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Monitoring of polycyclic aromatic hydrocarbon contamination at four oil spill sites using fluorescence spectroscopy coupled with parallel factor-principal component analysis
- Mirnaghi, Fatemeh S., Pinchin, Natalie P., Yang, Zeyu, Hollebone, Bruce P., Lambert, Patrick, Brown, Carl E.
- Environmental science 2019 v.21 no.3 pp. 413-426
- chemical composition, energy, environmental factors, fluorescence, fluorescence emission spectroscopy, models, monitoring, oil spills, oils, polycyclic aromatic hydrocarbons, rivers, sediments, weathering, whales, Nova Scotia, Ontario, Saskatchewan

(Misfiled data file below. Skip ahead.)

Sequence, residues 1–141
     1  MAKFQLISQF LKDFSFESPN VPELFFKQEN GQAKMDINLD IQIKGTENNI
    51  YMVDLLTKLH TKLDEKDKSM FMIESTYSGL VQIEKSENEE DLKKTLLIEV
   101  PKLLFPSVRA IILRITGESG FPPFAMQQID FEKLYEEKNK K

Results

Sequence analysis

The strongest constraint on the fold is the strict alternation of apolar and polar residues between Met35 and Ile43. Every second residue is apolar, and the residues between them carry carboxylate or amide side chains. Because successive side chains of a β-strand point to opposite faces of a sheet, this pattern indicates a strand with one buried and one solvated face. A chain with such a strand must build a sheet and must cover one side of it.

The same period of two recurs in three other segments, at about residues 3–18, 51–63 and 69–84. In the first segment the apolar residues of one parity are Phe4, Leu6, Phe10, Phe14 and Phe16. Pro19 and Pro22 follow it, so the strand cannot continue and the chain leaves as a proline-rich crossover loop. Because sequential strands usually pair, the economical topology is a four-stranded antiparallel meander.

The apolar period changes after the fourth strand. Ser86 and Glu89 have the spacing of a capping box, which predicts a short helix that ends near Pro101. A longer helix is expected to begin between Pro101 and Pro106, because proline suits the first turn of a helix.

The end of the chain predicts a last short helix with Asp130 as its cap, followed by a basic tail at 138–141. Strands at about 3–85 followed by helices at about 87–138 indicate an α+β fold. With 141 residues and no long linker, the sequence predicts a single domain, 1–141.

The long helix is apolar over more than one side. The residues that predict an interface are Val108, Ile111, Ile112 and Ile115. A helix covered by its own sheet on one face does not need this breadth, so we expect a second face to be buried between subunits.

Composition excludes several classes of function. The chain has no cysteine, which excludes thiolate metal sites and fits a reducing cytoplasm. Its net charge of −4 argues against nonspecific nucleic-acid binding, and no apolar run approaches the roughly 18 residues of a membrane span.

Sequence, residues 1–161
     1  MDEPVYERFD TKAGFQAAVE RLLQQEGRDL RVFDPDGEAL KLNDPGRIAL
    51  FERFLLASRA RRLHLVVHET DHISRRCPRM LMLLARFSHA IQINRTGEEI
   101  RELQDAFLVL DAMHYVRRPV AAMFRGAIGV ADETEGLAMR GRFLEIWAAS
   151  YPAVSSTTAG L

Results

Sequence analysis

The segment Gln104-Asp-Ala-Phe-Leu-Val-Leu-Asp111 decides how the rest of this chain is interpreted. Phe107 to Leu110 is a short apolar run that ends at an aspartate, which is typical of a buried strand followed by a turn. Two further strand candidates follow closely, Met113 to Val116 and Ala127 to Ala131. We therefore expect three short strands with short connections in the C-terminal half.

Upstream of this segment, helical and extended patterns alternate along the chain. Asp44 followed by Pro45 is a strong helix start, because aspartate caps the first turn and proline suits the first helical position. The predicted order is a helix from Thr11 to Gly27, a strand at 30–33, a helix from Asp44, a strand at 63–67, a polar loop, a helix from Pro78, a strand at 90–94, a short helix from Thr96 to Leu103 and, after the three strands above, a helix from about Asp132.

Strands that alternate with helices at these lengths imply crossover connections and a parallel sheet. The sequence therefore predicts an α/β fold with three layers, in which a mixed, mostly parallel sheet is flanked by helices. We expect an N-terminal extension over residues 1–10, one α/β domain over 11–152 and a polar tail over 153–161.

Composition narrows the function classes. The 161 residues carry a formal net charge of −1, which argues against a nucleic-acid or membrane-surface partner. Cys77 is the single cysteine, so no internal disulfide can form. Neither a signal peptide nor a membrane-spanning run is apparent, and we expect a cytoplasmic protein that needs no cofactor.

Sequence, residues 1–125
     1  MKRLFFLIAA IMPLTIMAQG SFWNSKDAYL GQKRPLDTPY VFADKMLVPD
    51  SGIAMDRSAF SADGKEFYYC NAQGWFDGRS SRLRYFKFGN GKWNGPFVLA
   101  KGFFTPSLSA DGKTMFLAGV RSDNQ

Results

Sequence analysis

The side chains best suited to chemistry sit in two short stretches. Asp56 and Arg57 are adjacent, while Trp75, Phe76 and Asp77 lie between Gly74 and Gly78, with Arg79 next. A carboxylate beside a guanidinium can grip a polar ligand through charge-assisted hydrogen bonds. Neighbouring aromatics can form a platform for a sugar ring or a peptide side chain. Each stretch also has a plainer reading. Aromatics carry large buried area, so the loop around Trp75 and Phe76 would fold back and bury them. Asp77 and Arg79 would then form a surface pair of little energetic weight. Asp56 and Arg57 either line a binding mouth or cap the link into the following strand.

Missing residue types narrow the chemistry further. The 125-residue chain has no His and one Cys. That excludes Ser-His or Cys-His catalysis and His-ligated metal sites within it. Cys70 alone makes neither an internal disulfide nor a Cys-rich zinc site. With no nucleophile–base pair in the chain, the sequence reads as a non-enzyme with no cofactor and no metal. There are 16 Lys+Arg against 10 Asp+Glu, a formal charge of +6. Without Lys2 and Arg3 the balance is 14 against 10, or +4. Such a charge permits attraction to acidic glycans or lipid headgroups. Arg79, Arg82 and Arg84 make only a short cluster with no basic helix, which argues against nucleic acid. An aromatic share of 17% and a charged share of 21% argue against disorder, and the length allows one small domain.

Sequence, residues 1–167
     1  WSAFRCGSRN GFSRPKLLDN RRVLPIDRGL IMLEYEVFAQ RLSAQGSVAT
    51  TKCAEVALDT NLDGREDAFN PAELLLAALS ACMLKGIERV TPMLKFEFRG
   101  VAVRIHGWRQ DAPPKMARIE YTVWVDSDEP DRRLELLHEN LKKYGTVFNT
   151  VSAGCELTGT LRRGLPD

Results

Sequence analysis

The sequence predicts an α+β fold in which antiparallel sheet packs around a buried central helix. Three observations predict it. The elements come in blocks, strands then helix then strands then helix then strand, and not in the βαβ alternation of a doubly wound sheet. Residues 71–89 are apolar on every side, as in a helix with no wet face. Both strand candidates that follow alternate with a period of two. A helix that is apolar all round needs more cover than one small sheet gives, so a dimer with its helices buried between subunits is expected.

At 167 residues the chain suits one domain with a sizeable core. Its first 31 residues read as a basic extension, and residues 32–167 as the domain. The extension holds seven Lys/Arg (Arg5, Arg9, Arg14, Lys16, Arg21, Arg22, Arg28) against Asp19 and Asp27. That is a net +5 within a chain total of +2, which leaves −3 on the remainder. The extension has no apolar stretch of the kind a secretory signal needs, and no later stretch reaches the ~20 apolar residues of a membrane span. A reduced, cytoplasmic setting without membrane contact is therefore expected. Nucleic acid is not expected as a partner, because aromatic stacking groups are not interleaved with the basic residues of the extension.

- Fluorescence spectroscopy analysis of oil and environmental samples collected from four oil spill incidents in Canada—a 2016 pipeline spill into the North Saskatchewan River (NSR), Saskatchewan; a 2015 train derailment in Gogama, Ontario; the 1970 sinking of the SS Arrow ship in Chedabucto Bay, Nova Scotia; and the 1970 sinking of the Irving Whale barge in the Gulf of St. Lawrence—permitted assessment of the PAH content of environmentally weathered samples. A recently developed fluorescence fingerprinting model based on excitation–emission matrix-parallel factor analysis-principal component analysis (EEM-PARAFAC-PCA) was applied to (i) evaluate the intensity of the abundant PAH groups in the samples, (ii) investigate changes in the PAH composition of environmental samples over time due to weathering, and (iii) classify the original spilled oil and environmental samples within the already established classes of the fingerprinting PCA model. The environmental sediment samples collected from the Husky Energy spill site show loss of PAHs occurring over the course of 15 months post-spill. However, the extent of weathering depends on several environmental factors rather than solely the time of weathering, the PAH loss was maximum at 15 months. There was a decrease in the PAH content of the environmental samples of Gogama spill collected 20 months post-spill. Almost all of Gogama environmental sediment samples underwent substantial weathering, making PCA classification impractical. The SS Arrow and Irving Whale samples fell within adjacent PCA groups, as they both had a similar type of spilled oil (Bunker C) with similarity in chemical composition.